Miles was no stranger to the Antibes Jazz Festival. Having performed three nights of sets in 1963, the second of which was released as the Miles Davis in Europe LP (nights one and three remain unissued), Miles returned to the fest in 1969 just days before the release of In A Silent Way, and weeks before the sessions that would produce Bitches Brew.
His 1973 set in Juan-les-Pins had the feel of a homecoming; both a return to a stage he’d conquered many times before and the end of the road for an intensive Japanese > European tour that saw the seven-piece band evolve at a remarkable clip. In many ways, this tape from Antibes is a collage of everything that made the band’s summer dates remarkable – long, elastic jams with an undercurrent of intense, heady funk and dark passages of abstract noise, all delivered with a whiff of unpredictability and mind-melting improvisational skill.
Likely recorded on stage via the band’s portable Revox, the tape is heavy on bass and drums, allowing us to hear how phenomenally locked in Michael Henderson and Al Foster are, as well as giving us a deeper look at the evolution of Henderson’s style since his more minimal approach of the Cellar Door era. Subtle shifts of phrase that keep monotony in check and the groove fluid – the man’s doing some heavy lifting. Opener “Turnaroundphrase” is distilled momentum, with the band practically plowing through the drum breaks and brief pauses until shifting into “Tune in 5” with remarkable precision. The intro hangs together by a thread as Miles solos over the wreckage before handing it off to Dave Liebman as the rhythm section channels Beefheart’s Magic Band underfoot. It’s hard to overstate how consistently Liebman has delivered since joining the group in January, and he’s on full display here. No slouch himself, Miles sounds reinvigorated after a sketchy night in Verona, sparring with Pete Cosey and directing the band through some superb stop/starts throughout “Untitled”. “Zimbabwe” closes the first set strong after a few nights out of rotation – the group interplay during Liebman’s solo section is a thing of beauty and check out the way Cosey comes screaming in after a mid-tune breakdown. A stacked first set.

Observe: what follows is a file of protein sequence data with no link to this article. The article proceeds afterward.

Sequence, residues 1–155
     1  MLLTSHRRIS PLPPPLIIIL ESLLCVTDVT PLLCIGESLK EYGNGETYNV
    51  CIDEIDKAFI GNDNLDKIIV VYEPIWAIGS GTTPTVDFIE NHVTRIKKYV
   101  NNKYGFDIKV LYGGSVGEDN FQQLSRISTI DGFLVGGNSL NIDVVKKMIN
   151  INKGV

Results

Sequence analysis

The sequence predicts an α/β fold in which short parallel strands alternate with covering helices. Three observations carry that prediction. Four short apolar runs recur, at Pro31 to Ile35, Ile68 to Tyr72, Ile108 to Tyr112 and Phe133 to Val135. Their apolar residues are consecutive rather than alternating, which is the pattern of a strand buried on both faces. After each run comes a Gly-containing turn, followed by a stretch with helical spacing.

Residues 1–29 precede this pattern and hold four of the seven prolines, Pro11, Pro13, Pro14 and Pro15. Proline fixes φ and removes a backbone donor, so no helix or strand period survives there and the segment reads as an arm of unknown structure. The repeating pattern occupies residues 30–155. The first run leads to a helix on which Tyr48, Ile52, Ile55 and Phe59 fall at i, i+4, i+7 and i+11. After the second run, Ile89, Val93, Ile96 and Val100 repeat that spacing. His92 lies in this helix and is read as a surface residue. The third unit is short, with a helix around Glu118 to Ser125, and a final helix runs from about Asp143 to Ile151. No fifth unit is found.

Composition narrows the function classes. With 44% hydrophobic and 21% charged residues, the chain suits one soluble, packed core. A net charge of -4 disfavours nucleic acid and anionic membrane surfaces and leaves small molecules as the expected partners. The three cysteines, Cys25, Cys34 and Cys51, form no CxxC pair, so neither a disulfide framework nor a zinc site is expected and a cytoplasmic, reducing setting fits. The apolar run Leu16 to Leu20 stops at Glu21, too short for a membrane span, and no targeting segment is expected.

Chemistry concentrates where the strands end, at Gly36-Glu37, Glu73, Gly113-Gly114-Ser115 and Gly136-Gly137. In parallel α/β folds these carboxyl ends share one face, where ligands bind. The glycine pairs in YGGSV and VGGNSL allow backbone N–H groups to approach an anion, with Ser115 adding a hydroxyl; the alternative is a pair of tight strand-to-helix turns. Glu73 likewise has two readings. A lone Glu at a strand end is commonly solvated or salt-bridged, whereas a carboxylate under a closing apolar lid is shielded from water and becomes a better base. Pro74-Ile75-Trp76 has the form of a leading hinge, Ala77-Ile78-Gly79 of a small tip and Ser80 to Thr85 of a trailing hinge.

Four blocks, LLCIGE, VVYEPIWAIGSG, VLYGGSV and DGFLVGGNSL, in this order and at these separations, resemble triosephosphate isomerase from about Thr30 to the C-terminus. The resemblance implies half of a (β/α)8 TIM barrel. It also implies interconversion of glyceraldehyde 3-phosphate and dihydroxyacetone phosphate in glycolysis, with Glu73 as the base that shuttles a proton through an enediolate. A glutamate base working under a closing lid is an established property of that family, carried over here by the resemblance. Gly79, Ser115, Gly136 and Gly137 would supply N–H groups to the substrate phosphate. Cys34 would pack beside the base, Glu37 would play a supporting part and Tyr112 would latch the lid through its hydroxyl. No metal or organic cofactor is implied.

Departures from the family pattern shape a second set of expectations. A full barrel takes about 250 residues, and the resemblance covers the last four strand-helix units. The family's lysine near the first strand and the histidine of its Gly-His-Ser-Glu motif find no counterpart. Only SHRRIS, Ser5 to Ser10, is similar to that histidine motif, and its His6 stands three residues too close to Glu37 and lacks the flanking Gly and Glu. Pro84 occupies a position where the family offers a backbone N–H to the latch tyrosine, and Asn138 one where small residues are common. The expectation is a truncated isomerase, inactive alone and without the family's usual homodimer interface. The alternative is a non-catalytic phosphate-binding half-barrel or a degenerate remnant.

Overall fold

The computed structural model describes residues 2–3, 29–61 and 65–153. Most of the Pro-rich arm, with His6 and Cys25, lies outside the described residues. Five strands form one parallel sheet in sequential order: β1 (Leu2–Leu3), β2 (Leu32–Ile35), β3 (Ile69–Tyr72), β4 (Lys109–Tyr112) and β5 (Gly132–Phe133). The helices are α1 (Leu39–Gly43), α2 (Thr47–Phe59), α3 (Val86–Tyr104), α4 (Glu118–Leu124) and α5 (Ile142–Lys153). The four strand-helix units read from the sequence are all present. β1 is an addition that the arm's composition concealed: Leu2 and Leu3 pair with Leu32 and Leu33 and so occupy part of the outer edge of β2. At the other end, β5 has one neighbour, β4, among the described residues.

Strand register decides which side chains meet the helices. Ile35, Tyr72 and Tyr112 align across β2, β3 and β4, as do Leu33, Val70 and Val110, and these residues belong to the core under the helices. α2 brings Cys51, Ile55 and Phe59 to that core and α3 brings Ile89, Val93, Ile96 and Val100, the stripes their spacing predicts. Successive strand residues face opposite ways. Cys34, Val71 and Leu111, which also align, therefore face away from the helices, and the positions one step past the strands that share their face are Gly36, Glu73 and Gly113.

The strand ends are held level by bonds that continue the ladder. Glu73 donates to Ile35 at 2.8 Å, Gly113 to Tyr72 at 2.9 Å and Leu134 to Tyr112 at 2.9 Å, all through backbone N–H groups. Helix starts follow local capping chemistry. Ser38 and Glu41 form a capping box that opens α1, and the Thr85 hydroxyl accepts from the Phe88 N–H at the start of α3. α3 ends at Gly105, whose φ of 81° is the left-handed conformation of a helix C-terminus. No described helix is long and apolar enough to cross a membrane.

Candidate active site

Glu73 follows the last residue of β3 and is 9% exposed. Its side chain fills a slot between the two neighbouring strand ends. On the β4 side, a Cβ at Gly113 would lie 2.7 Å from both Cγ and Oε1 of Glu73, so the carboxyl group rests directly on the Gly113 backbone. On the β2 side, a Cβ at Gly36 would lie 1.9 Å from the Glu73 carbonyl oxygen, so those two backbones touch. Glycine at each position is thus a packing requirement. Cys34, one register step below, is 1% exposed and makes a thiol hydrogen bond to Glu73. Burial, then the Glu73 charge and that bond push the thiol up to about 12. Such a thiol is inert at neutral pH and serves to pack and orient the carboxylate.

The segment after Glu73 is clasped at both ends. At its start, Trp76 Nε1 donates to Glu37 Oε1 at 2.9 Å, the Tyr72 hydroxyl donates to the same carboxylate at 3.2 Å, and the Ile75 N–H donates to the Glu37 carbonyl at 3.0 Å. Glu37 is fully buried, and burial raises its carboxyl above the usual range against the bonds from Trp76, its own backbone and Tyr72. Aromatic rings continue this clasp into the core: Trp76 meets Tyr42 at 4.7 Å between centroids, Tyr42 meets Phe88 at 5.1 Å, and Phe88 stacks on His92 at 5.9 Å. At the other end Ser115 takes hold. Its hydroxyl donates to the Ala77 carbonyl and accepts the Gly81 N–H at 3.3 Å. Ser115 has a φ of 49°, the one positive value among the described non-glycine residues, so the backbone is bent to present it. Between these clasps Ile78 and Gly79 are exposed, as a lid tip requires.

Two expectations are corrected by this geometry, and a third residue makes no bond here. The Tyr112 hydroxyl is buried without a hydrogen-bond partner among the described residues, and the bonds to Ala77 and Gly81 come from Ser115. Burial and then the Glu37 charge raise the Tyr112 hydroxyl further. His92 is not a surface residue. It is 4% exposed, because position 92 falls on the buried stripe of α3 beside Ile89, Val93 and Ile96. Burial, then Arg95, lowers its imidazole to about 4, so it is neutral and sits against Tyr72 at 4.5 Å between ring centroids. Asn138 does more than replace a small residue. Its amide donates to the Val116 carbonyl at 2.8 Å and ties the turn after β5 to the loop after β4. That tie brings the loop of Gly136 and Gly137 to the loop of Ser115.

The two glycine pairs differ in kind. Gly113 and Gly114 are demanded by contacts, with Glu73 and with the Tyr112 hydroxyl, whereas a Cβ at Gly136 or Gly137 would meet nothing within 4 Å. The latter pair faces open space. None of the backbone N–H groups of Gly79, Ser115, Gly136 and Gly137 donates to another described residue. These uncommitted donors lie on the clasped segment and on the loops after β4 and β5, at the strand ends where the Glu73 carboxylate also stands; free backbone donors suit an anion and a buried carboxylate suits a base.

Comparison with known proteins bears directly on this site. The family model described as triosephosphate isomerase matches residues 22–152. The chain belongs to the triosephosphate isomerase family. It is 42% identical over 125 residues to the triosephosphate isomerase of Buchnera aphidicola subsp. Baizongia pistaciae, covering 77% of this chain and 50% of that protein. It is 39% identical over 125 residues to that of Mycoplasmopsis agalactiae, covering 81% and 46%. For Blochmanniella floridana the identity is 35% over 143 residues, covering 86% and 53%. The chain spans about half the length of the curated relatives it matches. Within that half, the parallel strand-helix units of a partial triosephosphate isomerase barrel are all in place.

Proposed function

“Ife” practically springs to life at the start of the second set with the band seeming hell bent on getting to the heart of the groove and Miles adding his trademark organ clusters from the outset. By five minutes in we’re deep in the woods. Re-stating the theme while Mtume lets loose a deconstructed drum machine solo at around 8:20, Miles returns to the organ for the tune’s back half, channeling Lonnie Liston Smith as he gets downright wicked with the wah until Cosey unleashes a massive noise solo and the band slips into an astounding “Tune in 5” closer. An intense solo from Liebman at the outset might be the highlight of a night full of them, but “Tune in 5” barrels on from peak to peak as the band explodes into a series of mini jams between the pauses – Henderson overlays the “Calypso Frelimo” vamp around six minutes in, Miles drops the “Ife” theme a few times toward the back half, and the magnificent whole might be our most captivating 17 minutes of 1973 thus far. An unmissable tape.
Get the tape
1. Turnaroundphrase (16:06)
2. Tune in 5 (6:11)
3. Untitled Original 730424c (8:26)
4. Zimbabwe (14:14)
5. Ife (26:50)
6. Tune in 5 (17:51)
Miles Davis (trumpet, organ)
Dave Liebman (soprano, tenor, flute)
Pete Cosey (guitar, percussion)
Reggie Lucas (guitar)
Michael Henderson (electric bass)
Al Foster (drums)
Mtume (conga, percussion)